With the pilot shortage challenge becoming ever more acute, regional carrier Republic Airways is looking for a different way to get more pilots into its operations. The carrier filed an application with the US Federal Aviation Administration last month seeking permission for pilots with 750 hours of flight experience – half the current requirement – to be licensed as a Restricted Air Transport Pilot (R-ATP), eligible to operate commercial service for the company.
The exemption “is designed to resemble and provide the benefits and rigorous curriculum and structure of the § 61.160(a) military-based pathways training, albeit for closed-loop civilian pilot training for part 121 operations.” Further, the company asserts it is “in the public interest, would have no adverse impact on safety, and will provide a higher level of safety” than the standard 1,500 hour rule.
Key to the application is that Republic owns and operates the Leadership In Flight Training (LIFT) Academy. LIFT’s curriculum focuses on training specific to airline transport pilot requirements, and operates as a “closed-loop” system, whereby LIFT and Republic are able to monitor and analyze performance throughout the training process.
Pilots who graduate from the R-ATP program would only be allowed to fly at Republic, at least until hitting their 1,500 hour mark. And, as the company notes, the approach is similar to how pilots who receive flight training through the military are treated.
This Program is designed to meet or exceed the safety of the military R-ATP. In addition, this Program will support aspiring aviators from underserved communities and diverse backgrounds to pursue careers in aviation.
The closed-loop, integrated program curriculum, takes a student from initial flight training to become qualified as a First Officer applicant at Republic through a controlled and rigorous environment. Republic’s R-ATP Program is focused on a selective admissions process, an airline-based training environment, advanced academics, daily assessments, and data validation of measured performance criteria to meet the required qualification standard minimums.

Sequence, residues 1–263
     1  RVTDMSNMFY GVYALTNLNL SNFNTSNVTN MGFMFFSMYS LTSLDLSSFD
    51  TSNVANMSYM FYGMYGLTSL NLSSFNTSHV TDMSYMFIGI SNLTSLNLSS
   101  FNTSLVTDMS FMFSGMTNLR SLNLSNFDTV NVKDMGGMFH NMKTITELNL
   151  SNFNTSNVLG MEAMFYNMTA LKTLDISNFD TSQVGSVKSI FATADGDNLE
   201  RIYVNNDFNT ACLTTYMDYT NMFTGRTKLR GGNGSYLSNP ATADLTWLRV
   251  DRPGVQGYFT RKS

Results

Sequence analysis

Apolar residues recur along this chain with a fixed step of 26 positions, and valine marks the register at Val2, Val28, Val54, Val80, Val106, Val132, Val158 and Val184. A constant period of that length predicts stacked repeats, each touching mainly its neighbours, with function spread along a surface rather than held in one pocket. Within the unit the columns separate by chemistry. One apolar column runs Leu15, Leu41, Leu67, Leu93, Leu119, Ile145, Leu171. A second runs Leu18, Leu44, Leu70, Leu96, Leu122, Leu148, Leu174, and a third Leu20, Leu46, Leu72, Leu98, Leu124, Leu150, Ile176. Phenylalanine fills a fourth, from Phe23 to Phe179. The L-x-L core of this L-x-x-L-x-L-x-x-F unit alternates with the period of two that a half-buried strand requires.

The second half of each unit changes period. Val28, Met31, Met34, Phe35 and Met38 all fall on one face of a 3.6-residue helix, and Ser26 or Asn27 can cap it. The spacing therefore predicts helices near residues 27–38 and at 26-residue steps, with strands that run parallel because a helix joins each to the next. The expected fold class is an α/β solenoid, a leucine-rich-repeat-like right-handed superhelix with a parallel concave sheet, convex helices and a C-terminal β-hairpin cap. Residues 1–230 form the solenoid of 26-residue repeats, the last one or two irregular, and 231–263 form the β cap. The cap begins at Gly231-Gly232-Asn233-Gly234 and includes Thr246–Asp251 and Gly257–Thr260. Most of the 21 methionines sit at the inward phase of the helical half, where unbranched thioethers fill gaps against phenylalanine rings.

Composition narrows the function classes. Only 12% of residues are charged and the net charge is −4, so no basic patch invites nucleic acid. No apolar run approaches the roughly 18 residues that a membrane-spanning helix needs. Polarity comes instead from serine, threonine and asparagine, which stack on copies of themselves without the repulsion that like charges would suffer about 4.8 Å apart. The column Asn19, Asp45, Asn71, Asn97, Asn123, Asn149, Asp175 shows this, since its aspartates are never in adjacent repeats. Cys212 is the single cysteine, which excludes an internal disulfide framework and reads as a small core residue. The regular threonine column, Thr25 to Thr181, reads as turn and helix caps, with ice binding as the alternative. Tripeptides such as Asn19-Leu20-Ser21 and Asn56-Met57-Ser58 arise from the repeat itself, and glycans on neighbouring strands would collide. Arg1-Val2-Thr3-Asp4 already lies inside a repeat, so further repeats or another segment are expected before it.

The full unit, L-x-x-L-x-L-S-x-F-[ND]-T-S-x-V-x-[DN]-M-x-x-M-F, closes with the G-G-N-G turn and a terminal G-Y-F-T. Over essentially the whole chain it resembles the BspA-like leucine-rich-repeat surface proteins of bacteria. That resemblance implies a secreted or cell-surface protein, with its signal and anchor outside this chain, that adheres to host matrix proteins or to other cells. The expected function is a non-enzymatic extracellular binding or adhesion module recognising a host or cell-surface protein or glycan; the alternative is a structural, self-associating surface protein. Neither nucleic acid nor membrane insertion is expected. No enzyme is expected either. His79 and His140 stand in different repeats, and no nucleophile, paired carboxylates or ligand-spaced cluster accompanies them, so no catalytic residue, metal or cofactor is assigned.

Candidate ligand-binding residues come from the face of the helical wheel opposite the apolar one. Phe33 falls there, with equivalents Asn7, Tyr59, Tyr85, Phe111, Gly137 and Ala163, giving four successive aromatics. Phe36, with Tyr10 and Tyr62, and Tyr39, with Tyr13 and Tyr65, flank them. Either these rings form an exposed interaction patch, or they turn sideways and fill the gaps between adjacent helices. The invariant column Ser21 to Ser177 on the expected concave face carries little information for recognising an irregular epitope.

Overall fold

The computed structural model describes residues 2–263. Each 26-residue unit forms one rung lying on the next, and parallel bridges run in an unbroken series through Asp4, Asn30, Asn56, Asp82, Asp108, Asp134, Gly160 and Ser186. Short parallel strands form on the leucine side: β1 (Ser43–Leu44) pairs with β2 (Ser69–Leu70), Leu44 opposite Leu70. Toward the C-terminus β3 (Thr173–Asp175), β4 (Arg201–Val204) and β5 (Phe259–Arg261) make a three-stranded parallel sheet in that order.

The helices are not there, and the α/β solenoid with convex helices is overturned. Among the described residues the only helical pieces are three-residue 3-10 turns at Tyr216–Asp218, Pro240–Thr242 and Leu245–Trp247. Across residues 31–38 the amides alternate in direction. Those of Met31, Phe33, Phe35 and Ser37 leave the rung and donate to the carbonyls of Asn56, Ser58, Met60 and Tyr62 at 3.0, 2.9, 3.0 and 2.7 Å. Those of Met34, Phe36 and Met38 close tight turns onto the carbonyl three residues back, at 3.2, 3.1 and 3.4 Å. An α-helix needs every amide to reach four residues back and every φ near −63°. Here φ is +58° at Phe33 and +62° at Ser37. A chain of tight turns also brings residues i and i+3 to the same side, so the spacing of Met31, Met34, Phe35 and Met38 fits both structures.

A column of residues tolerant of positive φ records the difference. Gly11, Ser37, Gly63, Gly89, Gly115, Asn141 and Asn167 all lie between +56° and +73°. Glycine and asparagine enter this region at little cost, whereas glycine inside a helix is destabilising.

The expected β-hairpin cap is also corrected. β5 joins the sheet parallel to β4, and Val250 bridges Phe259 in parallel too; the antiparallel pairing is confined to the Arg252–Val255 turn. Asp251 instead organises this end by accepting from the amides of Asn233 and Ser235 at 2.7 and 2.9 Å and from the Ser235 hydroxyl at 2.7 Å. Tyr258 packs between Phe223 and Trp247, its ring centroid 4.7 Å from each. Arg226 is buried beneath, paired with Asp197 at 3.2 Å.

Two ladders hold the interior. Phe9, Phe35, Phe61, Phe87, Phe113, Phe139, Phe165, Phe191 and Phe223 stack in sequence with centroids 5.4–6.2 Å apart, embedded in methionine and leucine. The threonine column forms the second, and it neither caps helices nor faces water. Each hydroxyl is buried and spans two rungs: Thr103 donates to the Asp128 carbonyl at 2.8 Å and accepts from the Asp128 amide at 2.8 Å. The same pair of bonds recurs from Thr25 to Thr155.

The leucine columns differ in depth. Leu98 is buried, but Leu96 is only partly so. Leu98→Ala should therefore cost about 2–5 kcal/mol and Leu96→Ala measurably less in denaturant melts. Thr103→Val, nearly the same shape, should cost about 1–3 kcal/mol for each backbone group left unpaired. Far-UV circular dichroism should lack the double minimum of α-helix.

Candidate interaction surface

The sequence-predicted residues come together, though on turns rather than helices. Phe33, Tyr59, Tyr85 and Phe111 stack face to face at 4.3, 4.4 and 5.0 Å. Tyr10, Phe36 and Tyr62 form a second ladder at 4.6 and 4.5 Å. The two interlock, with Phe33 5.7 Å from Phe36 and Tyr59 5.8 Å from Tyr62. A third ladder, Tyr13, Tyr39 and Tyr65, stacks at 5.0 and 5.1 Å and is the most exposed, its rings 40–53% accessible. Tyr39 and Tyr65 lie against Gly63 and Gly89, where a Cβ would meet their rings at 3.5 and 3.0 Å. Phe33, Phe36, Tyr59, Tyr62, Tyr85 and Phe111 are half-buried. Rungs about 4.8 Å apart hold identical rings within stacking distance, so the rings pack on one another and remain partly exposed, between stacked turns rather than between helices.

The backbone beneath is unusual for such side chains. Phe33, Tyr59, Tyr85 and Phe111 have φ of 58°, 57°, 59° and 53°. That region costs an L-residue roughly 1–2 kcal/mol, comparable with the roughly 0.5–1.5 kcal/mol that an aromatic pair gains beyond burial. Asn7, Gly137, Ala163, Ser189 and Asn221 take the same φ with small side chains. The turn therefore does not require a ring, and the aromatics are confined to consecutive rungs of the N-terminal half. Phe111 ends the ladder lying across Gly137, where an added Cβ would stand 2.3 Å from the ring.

Students will be assessed daily and are required to pass multiple knowledge and skill validation gates throughout the Program’s life cycle to ensure that they meet the rigorous performance standards. Failure to pass any gate will result in the student being transitioned out of the R-ATP Program and continuing through the standard ATP path.
More focused training
Pilots in the R-ATP program will receive “Specialized Advanced Airline Training” in addition to the regular curriculum. Essentially, LIFT Academy will add many of the first officer indoctrination training components on top of the regular coursework, helping prospective pilots to advance towards a commercial license more quickly.
The program is “integrated with Republic from day one, forming an integrated closed-loop system of training. LIFT students utilize advanced training equipment and methodology that mimics what Republic uses, thereby preparing LIFT student pilots to become qualified line pilots at Republic and reducing training redundancy.”
In short, Republic argues that classroom and flight training hours focused specifically on becoming a commercial airline pilot should count more towards qualification than a more generic flight school environment.
Promoting inclusion & diversity
One of the key arguments made by Republic in the application is that “programs can typically be cost prohibitive for many, particularly aspiring pilots from underserved communities.” Republic highlights that 40% of those who enroll in the LIFT Academy program do not actually begin their training. Of those, 40% withdraw for financial reasons.
The Republic R-ATP program aims to remove college tuition from consideration, focusing only on the flight training costs. The program will also reduce the need for a loan in many cases, allowing students to focus more on training and less on an outside job or other financial requirements. The program also includes potential subsidies, scholarships, and stipends during the early training, as well as a salary in the later phases of the program.
But it isn’t 1,500 hours
Since the 1,500 hour rule was legislated in the wake of the Colgan Air crash exemptions have been rare. And for all the bravado from politicians about addressing the pilot shortage, the 1,500 hour rule seems to be something of a holy grail, not to be touched under any circumstances.
The FAA generally is loathe to allow for exemptions from explicitly declared Congressional requirements where such flexibility is not remanded to the Agency. And where the rule in question has become synonymous with flight safety it might be even harder to get the exemption.
But Republic is trying.
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